Bringing Home the Windows

By Ashley Smolinski, Branch Outreach and Programming Specialist

“Books are sometimes windows, offering views of worlds that may be real or imagined, familiar or strange. These windows are also sliding glass doors, and readers have only to walk through in imagination to become part of whatever world has been created or recreated by the author. When lighting conditions are just right, however, a window can also be a mirror. Literature transforms human experience and reflects it back to us, and in that reflection we can see our own lives and experiences as part of a larger human experience. Reading, then, becomes a means of self-affirmation, and readers often seek their mirrors in books.”
― Rudine Sims Bishop

I remember when I first heard the idea of books acting as both “mirrors and windows” used in relation to children’s books at a conference. I was in a session learning about how young readers can develop empathy through stories, and the speaker talked about the necessity of seeing oneself reflected in a story (“mirrors”) and of seeing other people’s experiences (“windows”).

At the time, my son was probably two, and although I wasn’t really mindful about the books I was reading to him, I wrote the information down next to my notebook doodles as something worth thinking about.

And then I kept thinking about it.

Growing up in a rural Michigan neighborhood, my friends looked like me, my neighbors looked like me and the books on my shelves looked like me. I want my children to experience more than this. They are now two and five, and when we visit the library, I purposefully choose titles that can act as mirrors and windows. “Mirror” books for my son include kids with red hair, boys that are wild and energetic and stories with strong feels and great big hearts. For my daughter, it means finding little girls that cuddle dolls, or books with princesses and kitties, mommies that hold them close and lots of pictures of the outdoors.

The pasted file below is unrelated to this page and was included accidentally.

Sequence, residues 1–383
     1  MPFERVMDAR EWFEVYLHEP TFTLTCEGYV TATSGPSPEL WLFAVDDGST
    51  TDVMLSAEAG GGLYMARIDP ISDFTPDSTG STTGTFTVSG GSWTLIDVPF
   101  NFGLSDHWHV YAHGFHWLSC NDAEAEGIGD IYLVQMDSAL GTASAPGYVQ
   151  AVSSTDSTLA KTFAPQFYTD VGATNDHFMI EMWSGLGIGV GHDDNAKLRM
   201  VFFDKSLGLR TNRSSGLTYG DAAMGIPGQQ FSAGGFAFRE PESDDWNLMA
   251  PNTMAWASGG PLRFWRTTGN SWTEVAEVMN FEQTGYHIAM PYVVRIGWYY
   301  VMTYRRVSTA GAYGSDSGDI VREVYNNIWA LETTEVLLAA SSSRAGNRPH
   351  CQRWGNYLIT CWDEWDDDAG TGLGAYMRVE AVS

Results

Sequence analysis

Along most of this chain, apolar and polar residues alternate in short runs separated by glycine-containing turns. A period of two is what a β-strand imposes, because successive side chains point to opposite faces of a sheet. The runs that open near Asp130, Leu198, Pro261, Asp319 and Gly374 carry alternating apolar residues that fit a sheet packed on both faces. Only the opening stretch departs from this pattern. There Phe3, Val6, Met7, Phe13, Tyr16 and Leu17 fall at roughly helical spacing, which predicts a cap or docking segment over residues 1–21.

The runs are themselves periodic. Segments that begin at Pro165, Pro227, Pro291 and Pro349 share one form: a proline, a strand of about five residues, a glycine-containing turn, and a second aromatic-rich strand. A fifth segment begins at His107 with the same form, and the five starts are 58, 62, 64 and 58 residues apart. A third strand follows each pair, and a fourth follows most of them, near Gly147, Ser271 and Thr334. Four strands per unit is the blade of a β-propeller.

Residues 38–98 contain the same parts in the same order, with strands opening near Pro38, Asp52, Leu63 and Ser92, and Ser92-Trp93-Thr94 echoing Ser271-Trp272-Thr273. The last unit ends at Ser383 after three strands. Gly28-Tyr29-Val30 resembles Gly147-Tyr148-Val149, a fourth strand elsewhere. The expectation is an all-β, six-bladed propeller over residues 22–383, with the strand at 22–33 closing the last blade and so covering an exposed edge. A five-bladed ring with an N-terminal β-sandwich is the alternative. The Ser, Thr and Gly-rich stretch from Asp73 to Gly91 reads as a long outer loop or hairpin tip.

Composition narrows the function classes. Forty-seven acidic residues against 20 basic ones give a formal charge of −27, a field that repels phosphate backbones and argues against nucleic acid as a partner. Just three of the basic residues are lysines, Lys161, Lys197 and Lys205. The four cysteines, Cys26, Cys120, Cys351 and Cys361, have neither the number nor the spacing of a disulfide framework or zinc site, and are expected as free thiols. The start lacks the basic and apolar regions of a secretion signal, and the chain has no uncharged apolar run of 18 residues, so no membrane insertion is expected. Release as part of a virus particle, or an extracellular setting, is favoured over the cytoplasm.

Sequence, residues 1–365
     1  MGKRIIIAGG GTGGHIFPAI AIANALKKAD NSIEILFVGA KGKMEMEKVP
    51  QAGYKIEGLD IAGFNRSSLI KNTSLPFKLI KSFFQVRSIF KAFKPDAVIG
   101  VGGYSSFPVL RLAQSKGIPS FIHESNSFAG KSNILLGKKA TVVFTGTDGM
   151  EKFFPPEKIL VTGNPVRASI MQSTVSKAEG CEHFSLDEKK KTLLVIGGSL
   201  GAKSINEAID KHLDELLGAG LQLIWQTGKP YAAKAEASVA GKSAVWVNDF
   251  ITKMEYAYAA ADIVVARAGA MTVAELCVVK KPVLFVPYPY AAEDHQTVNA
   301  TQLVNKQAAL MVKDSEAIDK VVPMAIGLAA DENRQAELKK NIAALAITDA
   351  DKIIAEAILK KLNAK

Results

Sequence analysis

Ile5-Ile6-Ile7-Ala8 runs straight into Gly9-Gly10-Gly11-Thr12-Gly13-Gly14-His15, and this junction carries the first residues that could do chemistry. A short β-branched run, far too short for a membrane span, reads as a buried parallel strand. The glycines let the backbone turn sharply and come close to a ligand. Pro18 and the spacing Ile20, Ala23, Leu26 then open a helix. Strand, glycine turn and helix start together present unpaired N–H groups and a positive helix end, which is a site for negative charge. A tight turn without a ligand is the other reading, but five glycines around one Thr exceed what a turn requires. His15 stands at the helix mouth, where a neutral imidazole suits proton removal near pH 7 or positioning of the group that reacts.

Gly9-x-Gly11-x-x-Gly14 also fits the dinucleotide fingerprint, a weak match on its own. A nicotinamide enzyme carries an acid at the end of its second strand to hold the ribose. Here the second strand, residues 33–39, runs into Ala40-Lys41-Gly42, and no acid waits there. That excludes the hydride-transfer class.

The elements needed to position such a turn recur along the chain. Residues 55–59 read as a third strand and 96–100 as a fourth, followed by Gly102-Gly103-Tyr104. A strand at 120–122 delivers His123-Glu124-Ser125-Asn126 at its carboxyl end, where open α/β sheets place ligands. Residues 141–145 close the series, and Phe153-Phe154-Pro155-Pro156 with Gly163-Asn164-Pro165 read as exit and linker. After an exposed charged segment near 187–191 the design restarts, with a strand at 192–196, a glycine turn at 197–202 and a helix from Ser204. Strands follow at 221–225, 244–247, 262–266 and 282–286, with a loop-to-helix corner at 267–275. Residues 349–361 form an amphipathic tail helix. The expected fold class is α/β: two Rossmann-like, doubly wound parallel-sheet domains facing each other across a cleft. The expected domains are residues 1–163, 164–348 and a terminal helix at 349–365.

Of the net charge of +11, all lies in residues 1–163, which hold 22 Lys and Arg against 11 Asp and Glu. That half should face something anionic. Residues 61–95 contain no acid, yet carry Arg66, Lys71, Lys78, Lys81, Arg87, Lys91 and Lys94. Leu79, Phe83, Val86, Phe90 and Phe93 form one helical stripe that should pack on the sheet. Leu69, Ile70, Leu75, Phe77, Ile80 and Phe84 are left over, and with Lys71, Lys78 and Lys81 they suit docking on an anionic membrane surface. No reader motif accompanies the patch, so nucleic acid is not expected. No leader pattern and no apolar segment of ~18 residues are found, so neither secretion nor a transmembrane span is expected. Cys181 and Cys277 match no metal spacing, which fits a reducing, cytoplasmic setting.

But the “windows” are what really matters to me now. We’ve loved The Proudest Blue, In My Heart, I Got the Rhythm and Fry Bread. We’ve read about mommies who wear beautiful hijabs, and daddies who have beautiful tattoos, and little girls who attend dance class in their wheelchairs and little boys who go to the barbershop for their first haircut. And reading those stories prompts questions from my kids that they don’t ask when we read “mirror” books. I’m not sure I was ready for questions at first, but now I welcome them (usually with more questions, like "what do you think?"). When we read a book starring a child with a different family structure or culture than ours, it’s the one that we talk the most about that night and one we talk more about later.

Through these window books, my kids have learned that not everyone lives in our country, that there are holidays we’ve never celebrated and that our neighbors speak a variety of amazing languages. My son’s room now features a map, after he asked to learn about “all the world,” and we talk about going to China, Africa and Iceland. We look forward to eating sushi in Japan, picking out Asian vegetables we’ve never grown from our seed catalog and we’re hoping to go to a few more cultural festivals in Grand Rapids when we can!

While we didn’t expect such a journey so young with our little ones, we’ve both enjoyed and been challenged by the experience. I’m dedicated to always looking for new windows for my kids to peer out of, as their world gets just a little bit bigger page by page.

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